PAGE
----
Your Health: Prophylactic Mastectomies Increasing
Published October 24th, 2013
GAINESVILLE, Fla. -- Preventative medicine is usually encouraged, but is this a case of it being taken too far? Research shows a growing trend towards contralateral prophalactic mastecomies.
Choosing to remove both breasts to prevent breast cancer from coming back seems to be growing increasingly common, with stories like actress Angelina Jolie's surgery fueling discussion.
Some doctors worry this may be fueled by patient's fear, despite the fact that the risk of developing breast cancer for a second time in the other breast is lower than ever before thanks to advances in the therapies used to treat the disease.
Mishel McElroy is a member of the TV20 sales team who was diagnosed with breast cancer this summer.
"That word 'cancer' just kind of flashes across your face," McElroy says, "and that's what you see is cancer."
She became one of thousands of women every year who face some very difficult decisions.
"I was like 'Oh gosh, do I have to do this? Do I have to get them both removed?'" she says. "And how is it going to affect me later on?"
Some are calling it the Angelina Jolie effect, but this trend began long before the actress shared her story. Studies show in recent decades more women choosing to have prophylactic mastectomies, despite a low risk of recurrence in many of these cases.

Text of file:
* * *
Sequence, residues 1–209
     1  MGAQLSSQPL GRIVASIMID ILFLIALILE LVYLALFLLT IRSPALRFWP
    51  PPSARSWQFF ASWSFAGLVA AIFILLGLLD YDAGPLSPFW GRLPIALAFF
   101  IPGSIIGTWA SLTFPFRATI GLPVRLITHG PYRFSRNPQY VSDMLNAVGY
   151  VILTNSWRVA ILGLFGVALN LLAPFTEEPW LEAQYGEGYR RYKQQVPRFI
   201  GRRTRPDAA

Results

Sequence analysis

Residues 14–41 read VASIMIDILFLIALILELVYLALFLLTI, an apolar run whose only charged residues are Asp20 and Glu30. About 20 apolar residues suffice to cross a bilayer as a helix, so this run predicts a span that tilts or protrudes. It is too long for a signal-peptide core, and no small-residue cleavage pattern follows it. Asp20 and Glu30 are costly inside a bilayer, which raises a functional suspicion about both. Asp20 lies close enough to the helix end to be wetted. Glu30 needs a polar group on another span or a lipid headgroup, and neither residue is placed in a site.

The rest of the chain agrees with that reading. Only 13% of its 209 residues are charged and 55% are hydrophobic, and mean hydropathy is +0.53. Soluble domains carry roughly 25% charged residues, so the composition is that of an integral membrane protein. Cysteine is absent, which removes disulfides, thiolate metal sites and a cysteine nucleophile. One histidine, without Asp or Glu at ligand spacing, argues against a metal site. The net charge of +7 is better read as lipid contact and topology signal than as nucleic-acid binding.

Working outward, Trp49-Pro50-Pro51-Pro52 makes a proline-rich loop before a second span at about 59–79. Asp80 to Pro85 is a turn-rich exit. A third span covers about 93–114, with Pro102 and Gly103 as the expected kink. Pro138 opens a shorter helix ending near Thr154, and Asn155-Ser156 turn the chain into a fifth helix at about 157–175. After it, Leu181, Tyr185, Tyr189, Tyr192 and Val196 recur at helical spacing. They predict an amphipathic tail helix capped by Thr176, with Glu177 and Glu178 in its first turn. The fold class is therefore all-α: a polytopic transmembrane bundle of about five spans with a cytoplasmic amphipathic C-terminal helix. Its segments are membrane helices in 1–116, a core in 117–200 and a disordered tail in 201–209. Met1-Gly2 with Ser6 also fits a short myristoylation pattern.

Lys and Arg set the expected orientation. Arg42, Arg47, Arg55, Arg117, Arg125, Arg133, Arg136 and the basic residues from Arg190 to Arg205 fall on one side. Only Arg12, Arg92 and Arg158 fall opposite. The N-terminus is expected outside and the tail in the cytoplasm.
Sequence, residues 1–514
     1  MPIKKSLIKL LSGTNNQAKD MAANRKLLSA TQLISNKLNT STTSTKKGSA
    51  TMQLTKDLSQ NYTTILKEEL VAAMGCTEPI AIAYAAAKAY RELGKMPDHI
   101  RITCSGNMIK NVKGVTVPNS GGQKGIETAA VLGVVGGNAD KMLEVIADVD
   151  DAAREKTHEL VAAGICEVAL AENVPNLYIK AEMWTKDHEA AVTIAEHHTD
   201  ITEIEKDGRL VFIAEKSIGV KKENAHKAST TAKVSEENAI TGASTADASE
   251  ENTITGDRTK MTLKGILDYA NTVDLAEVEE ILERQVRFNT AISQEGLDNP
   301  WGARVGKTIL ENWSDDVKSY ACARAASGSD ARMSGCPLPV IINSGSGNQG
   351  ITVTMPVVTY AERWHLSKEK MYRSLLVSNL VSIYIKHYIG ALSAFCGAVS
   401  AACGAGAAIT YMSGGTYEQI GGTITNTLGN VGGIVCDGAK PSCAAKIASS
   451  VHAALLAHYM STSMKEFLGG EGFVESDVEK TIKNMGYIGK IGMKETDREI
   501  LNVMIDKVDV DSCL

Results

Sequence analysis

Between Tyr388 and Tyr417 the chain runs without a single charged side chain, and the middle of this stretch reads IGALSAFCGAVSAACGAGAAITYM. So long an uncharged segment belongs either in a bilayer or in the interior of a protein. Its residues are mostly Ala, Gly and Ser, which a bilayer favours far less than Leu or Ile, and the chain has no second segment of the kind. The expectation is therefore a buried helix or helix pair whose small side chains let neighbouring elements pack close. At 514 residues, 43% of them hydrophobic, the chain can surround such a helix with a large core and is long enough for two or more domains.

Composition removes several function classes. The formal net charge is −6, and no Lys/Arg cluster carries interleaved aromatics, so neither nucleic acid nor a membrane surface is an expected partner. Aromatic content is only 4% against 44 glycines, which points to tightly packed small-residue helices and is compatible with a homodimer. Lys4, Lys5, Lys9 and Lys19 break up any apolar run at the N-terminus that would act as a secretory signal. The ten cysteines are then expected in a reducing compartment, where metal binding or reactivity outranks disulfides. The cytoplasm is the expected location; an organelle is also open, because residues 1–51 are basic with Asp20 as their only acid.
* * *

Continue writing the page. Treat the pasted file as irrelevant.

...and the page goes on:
Dr. Cherylle Hayes from The Cancer Center at North Florida Regional Medical Center sees many women considering mastecomies out of fear.
"Most women who undergo contralateral prophylactic mastectomy and have that opposite breast removed are not at risk," Hayes says.
In fact, women like Jolie who do posess a significant risk of breast cancer recurrence, because of the BRAC1 or BRAC2 gene, only account for about 5 to 10 percent of all breast cancers.
Research shows the growing interest in prophylactic mastectomy may be fueled by media attention on certain high profile cases, and it's not something to take lightly.
"There are various forms and various techniques that take different times under anesthesia, and multiple stages to complete," Hayes says.
And for McElroy, it would have meant a much longer recovery, and more time off from work.
"It's massive surgery, it's a major decision," she says.
McElroy is currently finishing radiation treatment for her cancer, after tests showed her tumor was not likely to come back. It's a decision she was comfortable making after learning about all her options.
Doctors like Hayes says there's not necessarily a right or wrong answer, just the one that will give you the most peace of mind.
"Educate yourself, be armed with information and be the president of your own body so that you walk out knowing you've made the right decision for yourself," Hayes says.
Dr. Hayes reccomends for anyone facing some of these decisions, taking notes at apointments and bringing a trusted friend or family member along can ensure you get all the information you need and don't forget things to discuss at home.
For more information, visit: www.cancer.gov
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